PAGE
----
One down, three to go…: A wrap-up of my first month in Bs AsBuenos Aires, Fall 2010
“One down, three to go…”
A wrap-up of my first month in Buenos Aires
It’s hard to believe that it has officially been one month since I arrived here in Buenos Aires. Although time has flown by, I’ve packed a lot into these first few weeks. To give you some perspective of what I’ve been seeing and doing, I’ll be filing a summary blog entry at the end of every month that will wrap-up my experience from several different aspects.
In this particular entry, I’ll be touching on my IES experience, Food, and nightlife in Buenos Aires.
Life as an IES student:
So far the IES staff have done an amazing job in making this experience a great one for all of the students here. They’re all extremely helpful and friendly, and the activities that they have organized for us have been fun and beneficial as well.
During the first couple weeks we had orientation. During this time we got to meet other students in the program, sit in informational seminars, and go on several small trips and tours around the city. We visited an estancia (ranch) and had amazing food, visited a couple different museums, and had a bus tour through the city all for free. Just today we went to a Feria (fair) where students got to sample many different Latin American cultures through stage and street performances, food, and shopping. Again, the trip was at no cost to students.
The only hard part about being a student is…being a student. Sometimes it’s hard to buckle down on readings and assignments when there is so much to see and experience in the city. If the speed at which the first month came and went is any indication, most students realize that these four months are going to go by quickly – which means making memories if often times going to outweigh making good grades (for some).
This is going to be one of the most interesting things to document while I’m here. Yes, the meat here is amazing. I’ve had the best steak I’ve ever had in my life at a restaurant called La Miranda, and I paid a small fraction of what it would have cost me in the U.S. I’ve also found hole-in-the-wall Parillas (grills) where I’ve eaten huge Choripan sandwiches for just 6 pesos, or about $1.50USD. I should have no problems eating a lot for a little here if I so desire. So, I have no complaints about the meat or the cost of food in general so far.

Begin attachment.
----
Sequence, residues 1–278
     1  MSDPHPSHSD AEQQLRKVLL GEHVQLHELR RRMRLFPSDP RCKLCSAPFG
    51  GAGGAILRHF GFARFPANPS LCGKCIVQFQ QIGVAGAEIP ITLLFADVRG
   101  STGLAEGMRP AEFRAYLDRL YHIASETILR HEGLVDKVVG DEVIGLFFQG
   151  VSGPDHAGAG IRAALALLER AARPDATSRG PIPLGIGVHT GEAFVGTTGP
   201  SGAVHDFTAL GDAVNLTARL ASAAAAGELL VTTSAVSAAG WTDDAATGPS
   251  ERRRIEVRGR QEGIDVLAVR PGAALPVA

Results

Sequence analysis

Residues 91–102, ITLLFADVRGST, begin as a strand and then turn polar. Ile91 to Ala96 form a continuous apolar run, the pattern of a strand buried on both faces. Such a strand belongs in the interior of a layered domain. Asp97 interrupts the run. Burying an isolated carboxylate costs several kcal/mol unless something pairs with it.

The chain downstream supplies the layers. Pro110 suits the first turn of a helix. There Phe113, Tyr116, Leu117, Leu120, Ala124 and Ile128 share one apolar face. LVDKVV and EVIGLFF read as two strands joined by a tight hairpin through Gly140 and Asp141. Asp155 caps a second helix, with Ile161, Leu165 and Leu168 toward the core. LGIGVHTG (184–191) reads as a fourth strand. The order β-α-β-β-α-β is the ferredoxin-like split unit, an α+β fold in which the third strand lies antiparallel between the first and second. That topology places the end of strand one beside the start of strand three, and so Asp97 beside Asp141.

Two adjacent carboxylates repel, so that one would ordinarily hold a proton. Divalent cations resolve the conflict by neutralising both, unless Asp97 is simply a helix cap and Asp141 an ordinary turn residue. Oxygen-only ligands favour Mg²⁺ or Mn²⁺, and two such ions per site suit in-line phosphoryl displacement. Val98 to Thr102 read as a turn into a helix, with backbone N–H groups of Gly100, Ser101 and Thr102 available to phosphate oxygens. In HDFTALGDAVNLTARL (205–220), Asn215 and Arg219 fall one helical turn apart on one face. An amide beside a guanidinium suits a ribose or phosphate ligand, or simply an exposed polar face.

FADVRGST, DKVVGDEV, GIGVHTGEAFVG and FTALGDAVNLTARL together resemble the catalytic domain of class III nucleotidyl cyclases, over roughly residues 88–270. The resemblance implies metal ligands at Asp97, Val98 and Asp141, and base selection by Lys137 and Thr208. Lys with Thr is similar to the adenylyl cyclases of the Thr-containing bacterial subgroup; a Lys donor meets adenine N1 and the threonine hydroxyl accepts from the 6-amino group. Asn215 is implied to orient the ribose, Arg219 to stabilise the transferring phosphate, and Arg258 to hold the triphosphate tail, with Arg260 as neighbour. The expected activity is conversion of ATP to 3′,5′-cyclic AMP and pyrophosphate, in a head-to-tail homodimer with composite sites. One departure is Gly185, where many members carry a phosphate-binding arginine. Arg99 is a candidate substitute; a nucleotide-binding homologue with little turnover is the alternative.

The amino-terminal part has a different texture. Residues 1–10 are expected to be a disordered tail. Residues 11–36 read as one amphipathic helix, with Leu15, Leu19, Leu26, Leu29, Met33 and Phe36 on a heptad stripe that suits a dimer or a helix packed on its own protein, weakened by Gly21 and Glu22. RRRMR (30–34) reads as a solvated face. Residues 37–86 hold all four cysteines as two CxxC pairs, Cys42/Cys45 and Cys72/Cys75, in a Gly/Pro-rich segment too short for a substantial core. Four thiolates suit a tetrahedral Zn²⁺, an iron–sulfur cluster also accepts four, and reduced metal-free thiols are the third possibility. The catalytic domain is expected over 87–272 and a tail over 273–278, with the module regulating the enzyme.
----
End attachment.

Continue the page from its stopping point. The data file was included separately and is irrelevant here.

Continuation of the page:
I’ve also found the culture surrounding the eating experience to be interesting as well. Dinnertime is pushed back a few hours from typical U.S. time, with most families gathering at the table around 9pm. And when they gather, they talk. A lot. It seems as though the emphasis at the dinner table is more on the conversation than the food itself. In other words, the feeling is almost that dinner is for catching up and fellowshipping as opposed to actually eating. This has taken some getting used to, since sitting at the table and having long conversations only happens in my life on special occasions and holidays.
If I had to point to any negative aspect of the food here, it would probably be the lack of spice. I mean that literally and figuratively. Granted, I haven’t been to every restaurant in this city and tried every dish, but by and large it seems like there are no spicy foods here and that the culture generally shies away from hot seasoning. If you look on the table at most restaurants you won’t even find pepper. What’s more is that from my experience there may be slightly less variety at the dinner table as well. Along with many other students I’ve spoken to in our program, I have yet to receive a salad or any kind of green vegetables with my meals in the home stay. It’s not necessarily a bad thing, but I do hope that I discover more of a variety in the months to come.
I have had the most random and amazing time partying in Buenos Aires. I owe it all to spontaneity and, ironically, being black. The first week I went clubbing, a few of my friends in IES and I went to a boliche (club) named Kika. As with most situations in this city, I was the only black person in sight for a while. But, at one point during the night, I saw a black guy walking next to me on his way to the VIP section where there were other black guys standing and talking. I decided to start up a conversation with the guy – going against all rules of cool – in hopes of gleaning some info on who he and the other men in VIP were. It turns out he’s quite the socialite. Fred (I’ll call him Fred since I haven’t asked his permission to be included in my blog) has been studying medicine and has traveled all over the world. Originally from Angola, Fred has connections with someone on just about every continent. I suppose he was flattered that I went out of my way to talk to him, because he invited me and my friends to hang out with him the following weekend – assuring us that he’d always get us into parties and clubs for free, and let us know whenever he was throwing parties himself.
So far, my friends and I have hung out with Fred three weekends in a row. Each time he’s introduced us to different people, and made sure we didn’t have to pay for anything. I’ve had a blast. It’s funny to think how much being black has affected my experience here. On one hand, there are negative racial situations that I would prefer not to go through. But on the other hand, it’s the reason my friends and I have been clubbing for free these past few weeks and having an amazing time! Go figure.
Next month should be very interesting. My birthday is September 10th, and it will be the first one I’ve celebrated outside of the U.S. Also, month #2 is supposed to be one of the most difficult according to some study abroad offices. Homesickness, language barriers, and exhaustion are supposedly at very high levels around this time. So far this hasn’t happened to me yet, but who knows what I’ll have to say about that in a month’s time…
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